Since I love to cook and use local quality ingredients this place is right up my alley, but even for the non-foodie it’s a fascinating place to visit. If you’re ever in Cleveland head on down to the West Side Market, you’ll be in for a treat.

We always try to find the local fresh markets when we’re on vacation in other parts of the country or the world. Pike Place Market is Seattle is a wonderful place, as is North Place Market in Columbus, and Findlay Market in Cincinnati. Whenever you find the local market, you’ll be in for a big treat. You may even find something exciting like the cayenne or salty caramel ice cream you can find in Columbus at Jeni’s Ice Cream.
Mr Chiots and I took these photos of the Pike Place Market in Seattle on our honeymoon 11 years ago.

Is there a market like this close you your home? Do you visit it frequently? If I’m ever in your area I’ll be sure to check it out!

8 Comments to “A Day at the West Side Market in Cleveland”
  1. Judy on January 17, 2009 at 10:36 am

    Oh, what a beautiful place. I so wish we had a year round market here. Our usual spring/summer/fall farmer’s market is actually located on the lower level of a parking ramp, nice when it’s raining but not visually appealing other than the produce. When we lived in Richmond, VA they had a beautiful open air market near downtown that we loved to frequent.

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  2. Kelly on January 17, 2009 at 7:31 pm

    Beautiful pictures Susy – so many wonderful colors and shapes – the market looks GREAT!

    Reply to Kelly's comment

  3. Michael on January 18, 2009 at 1:18 pm


    If you ever make it back to Seattle, you should check out some of the weekly neighborhood farmers markets that take place throughout the city. I think they provide an even better venue than Pike Place Market for farmers to sell direct to the public. My favorite is the Ballard Farmers Market, because Ballard is my neighborhood and it operates year-round.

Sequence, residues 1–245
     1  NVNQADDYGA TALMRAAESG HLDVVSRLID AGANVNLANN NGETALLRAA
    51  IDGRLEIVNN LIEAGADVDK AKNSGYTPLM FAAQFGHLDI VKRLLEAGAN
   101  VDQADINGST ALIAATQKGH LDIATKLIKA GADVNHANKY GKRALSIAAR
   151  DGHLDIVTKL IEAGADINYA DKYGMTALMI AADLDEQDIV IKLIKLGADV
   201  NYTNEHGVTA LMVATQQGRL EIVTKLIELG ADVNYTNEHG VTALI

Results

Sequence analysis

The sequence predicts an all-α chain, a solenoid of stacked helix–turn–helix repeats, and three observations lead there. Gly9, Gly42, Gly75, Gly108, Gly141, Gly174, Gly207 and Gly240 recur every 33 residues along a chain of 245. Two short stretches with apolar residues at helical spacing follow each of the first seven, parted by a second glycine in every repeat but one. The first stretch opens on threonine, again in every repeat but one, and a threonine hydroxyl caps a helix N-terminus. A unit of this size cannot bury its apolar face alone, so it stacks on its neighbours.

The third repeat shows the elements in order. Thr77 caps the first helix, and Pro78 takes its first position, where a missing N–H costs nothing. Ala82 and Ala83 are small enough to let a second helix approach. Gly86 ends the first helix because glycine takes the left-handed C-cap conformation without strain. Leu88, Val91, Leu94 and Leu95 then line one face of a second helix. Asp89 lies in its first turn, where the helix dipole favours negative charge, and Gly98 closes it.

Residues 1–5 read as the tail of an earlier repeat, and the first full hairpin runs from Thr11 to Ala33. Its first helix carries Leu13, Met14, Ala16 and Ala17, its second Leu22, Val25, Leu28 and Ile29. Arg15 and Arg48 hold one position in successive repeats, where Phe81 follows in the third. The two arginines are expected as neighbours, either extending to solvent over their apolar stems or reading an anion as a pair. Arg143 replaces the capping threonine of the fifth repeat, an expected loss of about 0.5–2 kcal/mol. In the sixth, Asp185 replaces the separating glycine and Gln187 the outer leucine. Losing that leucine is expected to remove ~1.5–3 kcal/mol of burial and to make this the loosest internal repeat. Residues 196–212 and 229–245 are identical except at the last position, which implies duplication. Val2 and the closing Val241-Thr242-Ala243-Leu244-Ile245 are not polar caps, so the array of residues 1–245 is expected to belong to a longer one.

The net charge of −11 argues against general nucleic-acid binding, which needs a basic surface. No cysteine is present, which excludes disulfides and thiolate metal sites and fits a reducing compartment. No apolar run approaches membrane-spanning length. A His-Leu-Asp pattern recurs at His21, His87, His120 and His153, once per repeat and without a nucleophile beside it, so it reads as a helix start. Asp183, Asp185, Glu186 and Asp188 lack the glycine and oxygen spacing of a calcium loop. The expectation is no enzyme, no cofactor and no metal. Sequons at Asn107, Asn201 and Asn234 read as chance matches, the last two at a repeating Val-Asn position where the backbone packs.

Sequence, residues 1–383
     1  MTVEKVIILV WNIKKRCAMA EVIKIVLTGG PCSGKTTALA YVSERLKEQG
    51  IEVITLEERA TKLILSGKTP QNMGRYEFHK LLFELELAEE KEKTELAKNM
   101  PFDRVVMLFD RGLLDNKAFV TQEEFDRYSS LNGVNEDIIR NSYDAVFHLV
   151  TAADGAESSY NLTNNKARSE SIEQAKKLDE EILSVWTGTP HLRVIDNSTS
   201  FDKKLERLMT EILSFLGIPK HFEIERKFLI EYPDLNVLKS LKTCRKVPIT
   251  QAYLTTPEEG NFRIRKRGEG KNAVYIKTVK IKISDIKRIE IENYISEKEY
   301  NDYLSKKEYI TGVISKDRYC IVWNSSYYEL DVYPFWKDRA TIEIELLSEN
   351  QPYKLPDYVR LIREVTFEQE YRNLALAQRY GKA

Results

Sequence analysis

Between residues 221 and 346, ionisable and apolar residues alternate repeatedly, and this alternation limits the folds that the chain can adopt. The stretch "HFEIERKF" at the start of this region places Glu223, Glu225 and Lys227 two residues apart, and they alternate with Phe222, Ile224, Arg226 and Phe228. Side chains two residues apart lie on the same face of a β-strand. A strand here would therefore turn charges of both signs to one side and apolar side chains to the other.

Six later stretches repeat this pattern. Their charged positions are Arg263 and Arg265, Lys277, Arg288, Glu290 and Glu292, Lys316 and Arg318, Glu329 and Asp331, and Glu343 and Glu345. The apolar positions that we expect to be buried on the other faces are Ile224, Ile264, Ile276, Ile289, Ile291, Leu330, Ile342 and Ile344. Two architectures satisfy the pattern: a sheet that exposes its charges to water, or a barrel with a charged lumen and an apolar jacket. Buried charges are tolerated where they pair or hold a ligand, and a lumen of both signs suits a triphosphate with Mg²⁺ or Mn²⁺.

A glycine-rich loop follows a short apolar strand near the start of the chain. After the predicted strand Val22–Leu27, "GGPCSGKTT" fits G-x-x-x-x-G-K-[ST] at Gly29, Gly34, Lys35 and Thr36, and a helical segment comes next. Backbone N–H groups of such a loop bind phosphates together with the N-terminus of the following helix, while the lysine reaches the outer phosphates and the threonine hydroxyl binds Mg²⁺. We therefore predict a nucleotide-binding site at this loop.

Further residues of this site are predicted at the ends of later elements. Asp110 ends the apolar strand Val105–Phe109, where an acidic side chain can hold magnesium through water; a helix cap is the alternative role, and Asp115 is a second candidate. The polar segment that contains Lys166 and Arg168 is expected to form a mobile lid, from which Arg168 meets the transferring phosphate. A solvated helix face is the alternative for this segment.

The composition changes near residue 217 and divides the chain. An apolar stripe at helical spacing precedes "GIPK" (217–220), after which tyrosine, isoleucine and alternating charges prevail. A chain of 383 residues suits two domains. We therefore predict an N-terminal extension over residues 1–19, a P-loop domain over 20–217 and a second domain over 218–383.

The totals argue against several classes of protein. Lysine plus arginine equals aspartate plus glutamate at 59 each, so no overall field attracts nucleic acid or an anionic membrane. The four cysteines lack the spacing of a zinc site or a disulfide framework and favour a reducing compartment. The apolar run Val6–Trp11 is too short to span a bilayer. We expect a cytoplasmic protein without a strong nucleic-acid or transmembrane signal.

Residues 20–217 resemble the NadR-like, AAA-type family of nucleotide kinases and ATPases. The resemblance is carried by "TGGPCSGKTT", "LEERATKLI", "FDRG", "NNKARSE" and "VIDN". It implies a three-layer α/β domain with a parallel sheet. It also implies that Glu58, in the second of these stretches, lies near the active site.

You can check out these websites:



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  4. Susy on January 18, 2009 at 10:10 pm

    Thanks Mike, I sure will. Mr Chiots and I hope to go back soon for a visit (we have been twice). Thanks for the website, I’ll make sure to bookmark those in my travel folder.

    The last time we went to Seattle, we went to all of the non-chain ice cream shops listed in the top 10 list. We made it to some great little ice cream shops in a few very interesting neighborhoods.

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  5. Mangochild on January 19, 2009 at 4:30 am

    I wish I could come visit that market! We have a year-round market in New Haven, CT that is quite large in the summer and even a decent size in the winter, but nothing like those pics that you’ve posted. Info is here:
    You’re right, the atmosphere of markets like these is so different from the supermarket “in out product X” mentality. Almost as if the food takes on its own life to grab the people. Food doing the inspiring with its freshness to decide the meal if that makes sense.

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  6. warren on January 19, 2009 at 10:34 am

    I have been to Cleveland lots but I never knew you had sun there! I have never seen it, especially in the winter! Congrats! Looks like a great day!

    Reply to warren's comment

  7. Susy on January 19, 2009 at 11:00 am

    Oh yes Warren, we don’t see much sun in the winter here in NE Ohio. On this day it was sunny but the temp was -13. BRRRRRRR.

    Reply to Susy's comment

  8. Krista on January 19, 2009 at 2:39 pm feel a field my future. Bryant is preparing for college auditions ..these days we go to Cleveland weekly.. for acting and voice… now mom has …some place new to go! yipee! Thanks for this post, I love it!

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This is a daily journal of my efforts to cultivate a more simple life, through local eating, gardening and so many other things. We used to live in a small suburban neighborhood Ohio but moved to 153 acres in Liberty, Maine in 2012.